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theadamSGT

text game

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Roboguy    794
That's a very generic question. Yes, a switch statement could be involved, but it doesn't have to be (all switch statements can be replaced by if statements, but not visa-versa).

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SKATIN_HARD    175
I text based game written in c++ wouldn't be too hard to implement. You could use <string.h> and vectors to take and get input. Threads about text based games have been around the forums a good bit. You could use the search function to try and locate said threads. I remember that one member posted mostly the full source for a text based game in the forums. You could also just google for "text game source code in c++" and see what comes up.

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krikkit    792
Using switch cases would be hardcoding your entire game. Most text games have what is called a parser, something that is able to understand a simple language structure (Action verb) and then you would have seperate files containing your rooms data, item data, and extra text, so your game would load your room data, and then your parser would check what the person enters against the capabilities of the items and actions that are stored in your other data.

Ie, you wouldnt have
Switch case 1: "pick up hammer"
switch case 2: "pick up sandwich"

Instead, your room would be loaded, it contains a sandwich, which has the ability to be picked up by using the verb "pick up" in relation to itself.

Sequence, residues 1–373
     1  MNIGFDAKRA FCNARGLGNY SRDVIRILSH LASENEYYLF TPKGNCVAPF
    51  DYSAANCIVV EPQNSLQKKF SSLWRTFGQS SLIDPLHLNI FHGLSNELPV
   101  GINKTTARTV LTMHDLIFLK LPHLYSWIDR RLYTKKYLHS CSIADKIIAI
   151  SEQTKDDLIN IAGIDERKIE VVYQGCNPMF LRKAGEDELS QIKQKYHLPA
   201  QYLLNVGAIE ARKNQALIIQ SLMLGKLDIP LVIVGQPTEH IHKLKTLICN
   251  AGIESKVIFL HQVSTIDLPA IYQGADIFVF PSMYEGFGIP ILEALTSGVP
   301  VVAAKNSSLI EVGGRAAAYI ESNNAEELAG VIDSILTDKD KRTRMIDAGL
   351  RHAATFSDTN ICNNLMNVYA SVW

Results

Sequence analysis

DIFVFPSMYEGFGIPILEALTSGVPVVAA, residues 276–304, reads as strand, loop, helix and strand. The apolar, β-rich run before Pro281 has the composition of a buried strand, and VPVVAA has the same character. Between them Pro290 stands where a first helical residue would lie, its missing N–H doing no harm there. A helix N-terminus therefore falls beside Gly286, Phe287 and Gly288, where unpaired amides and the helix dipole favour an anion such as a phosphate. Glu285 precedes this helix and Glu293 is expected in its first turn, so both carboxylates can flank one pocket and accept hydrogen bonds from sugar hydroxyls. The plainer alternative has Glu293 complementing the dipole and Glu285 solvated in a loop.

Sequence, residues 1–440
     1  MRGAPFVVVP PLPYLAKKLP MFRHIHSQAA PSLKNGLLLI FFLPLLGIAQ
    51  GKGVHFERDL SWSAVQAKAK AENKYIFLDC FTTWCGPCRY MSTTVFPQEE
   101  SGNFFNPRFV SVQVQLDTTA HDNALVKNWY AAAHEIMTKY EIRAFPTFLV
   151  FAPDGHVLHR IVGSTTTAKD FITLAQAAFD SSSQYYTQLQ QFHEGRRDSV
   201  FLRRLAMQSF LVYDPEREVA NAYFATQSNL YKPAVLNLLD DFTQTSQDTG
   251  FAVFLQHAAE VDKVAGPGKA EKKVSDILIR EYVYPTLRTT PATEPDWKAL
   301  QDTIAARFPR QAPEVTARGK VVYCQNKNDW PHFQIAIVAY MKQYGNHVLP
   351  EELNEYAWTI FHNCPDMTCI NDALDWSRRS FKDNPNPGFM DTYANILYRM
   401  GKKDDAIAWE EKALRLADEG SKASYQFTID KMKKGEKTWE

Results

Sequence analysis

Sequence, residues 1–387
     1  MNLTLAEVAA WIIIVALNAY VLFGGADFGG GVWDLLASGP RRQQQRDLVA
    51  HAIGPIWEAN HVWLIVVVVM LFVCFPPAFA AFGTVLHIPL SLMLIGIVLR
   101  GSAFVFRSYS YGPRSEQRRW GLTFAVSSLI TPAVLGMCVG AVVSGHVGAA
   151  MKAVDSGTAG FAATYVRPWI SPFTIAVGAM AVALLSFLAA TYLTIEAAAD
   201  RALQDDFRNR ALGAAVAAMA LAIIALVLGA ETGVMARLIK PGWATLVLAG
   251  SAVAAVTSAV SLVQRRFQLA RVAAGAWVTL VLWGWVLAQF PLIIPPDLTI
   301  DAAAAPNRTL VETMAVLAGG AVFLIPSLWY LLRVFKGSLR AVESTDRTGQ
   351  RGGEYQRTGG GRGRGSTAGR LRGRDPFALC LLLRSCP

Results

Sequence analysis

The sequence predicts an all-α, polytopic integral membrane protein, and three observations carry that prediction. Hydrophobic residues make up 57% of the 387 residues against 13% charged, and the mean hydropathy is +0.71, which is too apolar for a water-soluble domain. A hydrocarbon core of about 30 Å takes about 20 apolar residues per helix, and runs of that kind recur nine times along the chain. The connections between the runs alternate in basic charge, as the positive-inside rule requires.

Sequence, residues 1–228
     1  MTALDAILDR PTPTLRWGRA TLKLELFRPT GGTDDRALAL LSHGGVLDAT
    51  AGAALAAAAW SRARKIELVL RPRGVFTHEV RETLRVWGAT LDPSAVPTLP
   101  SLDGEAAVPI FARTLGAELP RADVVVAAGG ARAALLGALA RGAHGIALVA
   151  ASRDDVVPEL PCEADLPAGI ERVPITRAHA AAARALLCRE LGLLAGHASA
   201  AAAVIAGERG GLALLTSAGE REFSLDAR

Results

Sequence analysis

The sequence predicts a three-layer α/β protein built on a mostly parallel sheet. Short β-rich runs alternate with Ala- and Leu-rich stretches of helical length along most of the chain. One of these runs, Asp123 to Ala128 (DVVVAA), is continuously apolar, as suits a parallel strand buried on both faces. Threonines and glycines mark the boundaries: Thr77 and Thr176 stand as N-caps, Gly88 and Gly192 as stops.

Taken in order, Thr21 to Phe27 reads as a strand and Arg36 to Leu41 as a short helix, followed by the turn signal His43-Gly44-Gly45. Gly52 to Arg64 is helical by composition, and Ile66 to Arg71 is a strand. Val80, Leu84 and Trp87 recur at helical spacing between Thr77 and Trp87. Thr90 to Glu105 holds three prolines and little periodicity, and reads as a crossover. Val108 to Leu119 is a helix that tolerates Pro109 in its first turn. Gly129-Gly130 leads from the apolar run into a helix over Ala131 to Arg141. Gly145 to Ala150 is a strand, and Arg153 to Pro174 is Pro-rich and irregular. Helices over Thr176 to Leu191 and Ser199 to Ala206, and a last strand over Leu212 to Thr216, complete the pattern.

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Ready4Dis    180
Quote:
Original post by Roboguy
That's a very generic question. Yes, a switch statement could be involved, but it doesn't have to be (all switch statements can be replaced by if statements, but not visa-versa).


I contend your statement about not visa-versa... of course you can do it both ways, it'd just be REALLY ugly with embedded switch statements ;)

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theadamSGT    100
Quote:
Using switch cases would be hardcoding your entire game. Most text games have what is called a parser, something that is able to understand a simple language structure (Action verb) and then you would have seperate files containing your rooms data, item data, and extra text, so your game would load your room data, and then your parser would check what the person enters against the capabilities of the items and actions that are stored in your other data.

Ie, you wouldnt have
Switch case 1: "pick up hammer"
switch case 2: "pick up sandwich"

Instead, your room would be loaded, it contains a sandwich, which has the ability to be picked up by using the verb "pick up" in relation to itself.





how do i do that.

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Stephen R    721
Quote:
Original post by Ready4Dis
Quote:
Original post by Roboguy
That's a very generic question. Yes, a switch statement could be involved, but it doesn't have to be (all switch statements can be replaced by if statements, but not visa-versa).


I contend your statement about not visa-versa... of course you can do it both ways, it'd just be REALLY ugly with embedded switch statements ;)


Roboguy is right. How would you turn this into a switch statement for example:

if (Function1()) {
//stuff
}
else if (Function2() && Function3()) {
//stuff
}
else {
//stuff
}

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stylin    758
Quote:
Original post by stro
How would you turn this into a switch statement for example:

if (Function1()) {
//stuff
}
else if (Function2() && Function3()) {
//stuff
}
else {
//stuff
}

Couldn't you do this? (haven't tested it - should work at least for boolean returns and ints)

switch( Function1() )
{
case 0:
switch( Function2() && Function3() )
{
case 0:
// stuff
break;
default:
// stuff
}
break;
default:
// stuff
}


:stylin:

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Stephen R    721
Well, you proved me wrong [smile]. I tested out your code and it compiles. But I hope to god I never see that actually used in real life.

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